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A Soviet Legend Dies Hard

Generations were reared on the story of a boy hero murdered for informing on his father. But nearly everything they learned was wrong.

November 12, 2002

GERASIMOVKA, Russia — The story was a fairy tale of sorts, told to generations of Soviet schoolchildren. Once upon a time, it began, a boy went into the woods to pick berries.

He was a good boy. He understood right and wrong. When his father did something wrong, the boy told the authorities. The boy's name was Pavlik Morozov.

There were bad people in Pavlik's village, including members of his own family. They did not understand right and wrong. When the boy went into the woods, the bad people were waiting. And the boy was never seen alive again.

Pavlik's story wasn't really a fairy tale, though. A real 13-year-old boy named Pavel Morozov was killed along with his little brother on the outskirts of this Siberian village on Sept. 3, 1932. Four members of his family -- his grandfather, grandmother, cousin and godfather -- were convicted of the murders in a show trial two months later and shot.

Within weeks of his death, Pavlik became a powerful icon in the new pantheon of Communist saints, a child-martyr worshiped for his feat of heroism: informing on his father.

Just as American schoolchildren learn the parable of George Washington and the cherry tree, Soviet students for decades were taught the morality tale of Pavlik Morozov. For them, the story drove home the lesson that loyalty to the state should supersede loyalty to one's family.

The cult of Pavlik Morozov fed a culture of informants, the lifeblood of a police state. Pavlik became a favorite of the Soviet propaganda machine, which described him as chairman of the village's troop of Communist Young Pioneers and officially dubbed him "Pioneer-Hero #1." Poems, books and even an opera were written about him.

To this day, Pavlik Morozov is a household name.

"Be like Pavlik, children were told from the moment they took the oath as pioneers," the Tribuna newspaper wrote this year on the anniversary of his death. "Study hard, love your motherland, expose the enemies of Soviet power, and be merciless with traitors."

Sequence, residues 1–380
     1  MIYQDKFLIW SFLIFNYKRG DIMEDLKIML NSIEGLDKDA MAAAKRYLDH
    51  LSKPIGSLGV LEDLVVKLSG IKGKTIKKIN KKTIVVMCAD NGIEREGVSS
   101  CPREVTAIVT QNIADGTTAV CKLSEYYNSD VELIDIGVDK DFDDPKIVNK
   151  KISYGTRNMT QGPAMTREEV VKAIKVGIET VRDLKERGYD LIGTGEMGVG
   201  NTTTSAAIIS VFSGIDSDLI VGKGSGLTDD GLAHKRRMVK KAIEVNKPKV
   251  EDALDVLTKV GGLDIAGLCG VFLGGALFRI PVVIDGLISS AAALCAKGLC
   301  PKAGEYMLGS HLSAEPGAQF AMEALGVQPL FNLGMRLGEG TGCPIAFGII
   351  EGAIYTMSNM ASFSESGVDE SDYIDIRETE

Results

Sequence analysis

For most of Soviet history, few questioned the accuracy of the legend of Pavlik. After all, in the Soviet Union, propaganda was truth.

Privately, those who permitted themselves to doubt assumed the story was exaggerated. But for most of Soviet history, it didn't matter if it was true or not.

Eventually, though, a few people -- a writer and an engineer among them -- started asking questions.

Their search for answers would uncover unpleasant truths not just about Russia's past but about its unsettled present. It would reveal how the machinery of terror once operated and how its culture of fear lingers still.

This is the story of the tale of Pavlik Morozov, who was a real boy after all. And whose death still haunts a country not yet at peace with its past.

The Writer

Once upon a time, there lived a Soviet writer named Yuri Druzhnikov. In 1974, he attended a conference of playwrights in the southern Russian city of Rostov. One session discussed the importance of "positive heroes of Soviet culture." One of those heroes was Pavlik Morozov.

"How can we create a strong morality of people in our country on the basis of someone who betrayed his father?" Druzhnikov, now 69, recalled asking. "No one answered."

When he was back home in Moscow days later, his telephone rang. A voice "invited" him to KGB headquarters. When he arrived, two KGB officers were waiting.

"They said to me: 'Why did you ask about this official hero? He is still a hero, and it's none of your business,' " Druzhnikov said. " 'You may write your books,' they said, 'But do not touch this subject.' "

The KGB warning only whetted Druzhnikov's curiosity. He started at libraries and archives but turned up next to nothing -- no artifacts from Pavlik's life, no school records, no legal documents connected to the case -- just newspaper stories that, more often than not, contradicted one another.

Druzhnikov found something else puzzling. All the photos of Pavlik looked different.

"I quickly concluded that all the material was falsified," he said.

Posing as a journalist, Druzhnikov began to track down and interview Pavlik's now-elderly schoolmates and neighbors, his teachers and local officials. He traveled to 13 cities around the Soviet Union. He visited Gerasimovka, the village where Pavlik lived and died.

At first, villagers recited the official version of the story.

Pavlik was a model student and head of the Young Pioneers. His father was head of the village's governing council, or soviet. Pavlik caught his father falsifying safe conduct passes for dispossessed peasants. He told authorities, and his father was taken away.

Some months later, Pavlik went into the forest to pick cranberries with his 8-year-old brother, Fedya. They didn't come home. On the third day, villagers found their bodies.

Pavlik had been stabbed near his heart, his berries spilled on the forest floor. Fedya was lying a short distance away. He also had knife wounds, and his skull was shattered.

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